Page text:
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dc.contributor.authorDesboeufs, K
dc.contributor.authorFu, F
dc.contributor.authorBressac, M
dc.contributor.authorTovar-Sánchez, A
dc.contributor.authorTriquet, S
dc.contributor.authorDoussin, JF
dc.contributor.authorGiorio, C
dc.contributor.authorChazette, P
dc.contributor.authorDisnaquet, J
dc.contributor.authorFeron, A
dc.contributor.authorFormenti, P
dc.contributor.authorMaisonneuve, F
dc.contributor.authorRodríguez-Romero, A
dc.contributor.authorZapf, P
dc.contributor.authorDulac, F
dc.contributor.authorGuieu, C
dc.description.abstract<jats:p>Abstract. This study reports the only recent characterization of two contrasted wet deposition events collected during the PEACETIME (ProcEss studies at the Air–sEa Interface after dust deposition in the MEditerranean Sea) cruise in the open Mediterranean Sea (Med Sea) and their impact on trace metal (TM) marine stocks. Rain samples were analysed for Al, 12 TMs (Co, Cd, Cr, Cu, Fe, Mn, Mo, Ni, Pb, Ti, V and Zn) and nutrient (N, P, dissolved organic carbon) concentrations. The first rain sample collected in the Ionian Sea (Rain ION) was a typical regional background wet deposition event, whereas the second rain sample collected in the Algerian Basin (Rain FAST) was a Saharan dust wet deposition event. Even in the remote Med Sea, all background TM inputs presented an anthropogenic signature, except for Fe, Mn and Ti. The concentrations of TMs in the two rain samples were significantly lower compared to concentrations in rains collected at coastal sites reported in the literature, due to the decrease in anthropogenic emissions during the preceding decades. The atmospheric TM inputs were mainly dissolved forms, even in dusty Rain FAST. The TM stocks in the mixed layer (ML, 0–20 m) at the FAST station before and after the event showed that the atmospheric inputs were a significant supply of particulate TMs and dissolved Fe and Co for surface seawater. Even if the wet deposition delivers TMs mainly in soluble form, the post-deposition aerosol dissolution could to be a key additional pathway in the supply of dissolved TMs. At the scale of the western and central Mediterranean, the atmospheric inputs were of the same order of magnitude as ML stocks for dissolved Fe, Co and Zn, highlighting the role of the atmosphere in their biogeochemical cycles in the stratified Med Sea. In case of intense dust-rich wet deposition events, the role of atmospheric inputs as an external source was extended to dissolved Co, Fe, Mn, Pb and Zn. Our results suggest that the wet deposition constitutes only a source of some of dissolved TMs for Med Sea surface waters. The contribution of dry deposition to the atmospheric TM inputs needs to be investigated. </jats:p>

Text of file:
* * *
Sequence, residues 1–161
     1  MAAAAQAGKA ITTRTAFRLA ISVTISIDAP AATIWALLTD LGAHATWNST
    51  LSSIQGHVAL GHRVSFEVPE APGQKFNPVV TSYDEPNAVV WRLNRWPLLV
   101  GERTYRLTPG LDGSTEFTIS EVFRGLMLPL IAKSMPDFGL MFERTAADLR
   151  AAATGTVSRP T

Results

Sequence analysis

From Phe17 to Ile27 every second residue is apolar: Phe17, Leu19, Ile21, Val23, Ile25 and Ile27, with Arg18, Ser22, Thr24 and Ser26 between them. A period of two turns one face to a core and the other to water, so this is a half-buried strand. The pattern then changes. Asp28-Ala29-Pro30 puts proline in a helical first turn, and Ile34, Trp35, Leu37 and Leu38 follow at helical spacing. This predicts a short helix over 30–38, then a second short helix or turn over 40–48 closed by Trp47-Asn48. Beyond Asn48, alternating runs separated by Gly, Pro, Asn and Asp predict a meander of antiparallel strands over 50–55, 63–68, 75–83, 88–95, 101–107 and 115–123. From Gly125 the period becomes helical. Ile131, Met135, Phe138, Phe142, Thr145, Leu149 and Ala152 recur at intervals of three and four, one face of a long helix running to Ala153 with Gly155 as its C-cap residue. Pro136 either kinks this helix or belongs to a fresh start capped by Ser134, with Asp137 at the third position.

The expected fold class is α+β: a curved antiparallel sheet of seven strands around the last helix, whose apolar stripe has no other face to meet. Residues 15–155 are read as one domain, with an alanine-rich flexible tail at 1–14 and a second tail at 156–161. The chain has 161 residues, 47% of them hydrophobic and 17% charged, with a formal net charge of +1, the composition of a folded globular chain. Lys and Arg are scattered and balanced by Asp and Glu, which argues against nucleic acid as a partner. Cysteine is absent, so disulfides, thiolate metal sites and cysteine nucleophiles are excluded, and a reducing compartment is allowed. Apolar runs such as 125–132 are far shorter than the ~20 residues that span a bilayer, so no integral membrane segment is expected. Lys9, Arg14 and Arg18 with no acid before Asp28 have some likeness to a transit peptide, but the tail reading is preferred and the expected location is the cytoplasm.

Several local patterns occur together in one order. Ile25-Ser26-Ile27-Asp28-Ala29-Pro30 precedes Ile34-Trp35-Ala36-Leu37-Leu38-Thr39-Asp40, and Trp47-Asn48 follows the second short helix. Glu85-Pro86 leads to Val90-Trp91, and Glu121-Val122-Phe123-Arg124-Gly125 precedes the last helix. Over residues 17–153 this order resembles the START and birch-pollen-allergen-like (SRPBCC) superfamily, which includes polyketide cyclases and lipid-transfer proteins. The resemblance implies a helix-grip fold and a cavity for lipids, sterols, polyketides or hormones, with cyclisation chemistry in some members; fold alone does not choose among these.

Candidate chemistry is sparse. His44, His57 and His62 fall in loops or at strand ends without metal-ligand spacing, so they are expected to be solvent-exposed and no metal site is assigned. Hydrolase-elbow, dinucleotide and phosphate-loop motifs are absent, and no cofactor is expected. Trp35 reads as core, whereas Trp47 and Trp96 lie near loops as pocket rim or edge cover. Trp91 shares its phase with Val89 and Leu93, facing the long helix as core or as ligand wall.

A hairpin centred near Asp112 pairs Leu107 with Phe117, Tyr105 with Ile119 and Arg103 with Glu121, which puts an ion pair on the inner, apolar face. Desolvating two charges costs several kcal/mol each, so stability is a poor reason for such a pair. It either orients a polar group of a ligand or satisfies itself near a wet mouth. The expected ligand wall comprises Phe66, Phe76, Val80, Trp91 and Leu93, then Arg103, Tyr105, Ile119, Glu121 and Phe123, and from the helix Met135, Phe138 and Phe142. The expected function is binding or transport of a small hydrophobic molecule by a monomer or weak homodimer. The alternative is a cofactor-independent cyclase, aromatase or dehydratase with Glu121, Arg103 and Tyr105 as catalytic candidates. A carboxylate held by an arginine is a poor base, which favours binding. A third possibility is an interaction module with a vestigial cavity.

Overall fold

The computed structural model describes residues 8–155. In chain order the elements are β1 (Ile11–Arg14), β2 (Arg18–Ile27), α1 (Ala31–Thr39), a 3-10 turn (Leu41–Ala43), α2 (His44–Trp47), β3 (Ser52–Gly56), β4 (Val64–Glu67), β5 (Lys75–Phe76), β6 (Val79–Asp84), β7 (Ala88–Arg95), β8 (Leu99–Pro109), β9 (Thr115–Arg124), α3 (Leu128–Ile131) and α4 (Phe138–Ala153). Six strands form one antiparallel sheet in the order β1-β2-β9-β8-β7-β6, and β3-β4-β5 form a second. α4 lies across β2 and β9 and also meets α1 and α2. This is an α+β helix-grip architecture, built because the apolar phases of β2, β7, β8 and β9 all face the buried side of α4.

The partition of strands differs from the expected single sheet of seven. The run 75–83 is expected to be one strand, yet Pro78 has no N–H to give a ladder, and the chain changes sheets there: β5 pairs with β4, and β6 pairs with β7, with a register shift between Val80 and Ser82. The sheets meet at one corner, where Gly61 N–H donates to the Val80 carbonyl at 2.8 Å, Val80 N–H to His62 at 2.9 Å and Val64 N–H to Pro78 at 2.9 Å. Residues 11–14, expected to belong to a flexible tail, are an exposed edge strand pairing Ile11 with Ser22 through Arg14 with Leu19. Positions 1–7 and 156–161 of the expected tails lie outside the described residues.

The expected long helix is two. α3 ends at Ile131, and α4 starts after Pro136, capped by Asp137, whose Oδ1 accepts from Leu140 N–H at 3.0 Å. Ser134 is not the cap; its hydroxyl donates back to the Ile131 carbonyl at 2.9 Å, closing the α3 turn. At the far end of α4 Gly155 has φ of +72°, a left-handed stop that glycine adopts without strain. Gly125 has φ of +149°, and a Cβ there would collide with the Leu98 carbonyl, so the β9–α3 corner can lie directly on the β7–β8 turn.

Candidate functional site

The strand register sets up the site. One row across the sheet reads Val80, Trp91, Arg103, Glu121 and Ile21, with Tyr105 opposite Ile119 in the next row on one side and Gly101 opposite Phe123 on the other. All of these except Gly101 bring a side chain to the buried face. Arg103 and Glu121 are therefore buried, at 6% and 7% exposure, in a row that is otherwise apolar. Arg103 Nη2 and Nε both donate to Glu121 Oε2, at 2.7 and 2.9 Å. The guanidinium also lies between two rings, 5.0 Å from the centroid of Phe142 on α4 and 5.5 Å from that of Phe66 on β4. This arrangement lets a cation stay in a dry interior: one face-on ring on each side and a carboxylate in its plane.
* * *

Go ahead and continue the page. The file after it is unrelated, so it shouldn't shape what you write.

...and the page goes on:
dc.publisherCopernicus GmbH
dc.rightsAttribution 4.0 International
dc.titleWet deposition in the remote western and central Mediterranean as a source of trace metals to surface seawater
dc.publisher.departmentDepartment of Chemistry
prism.publicationNameAtmospheric Chemistry and Physics
dc.contributor.orcidGiorio, Chiara [0000-0001-7821-7398]
rioxxterms.typeJournal Article/Review
pubs.licence-display-nameApollo Repository Deposit Licence Agreement

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Attribution 4.0 International
Except where otherwise noted, this item's licence is described as Attribution 4.0 International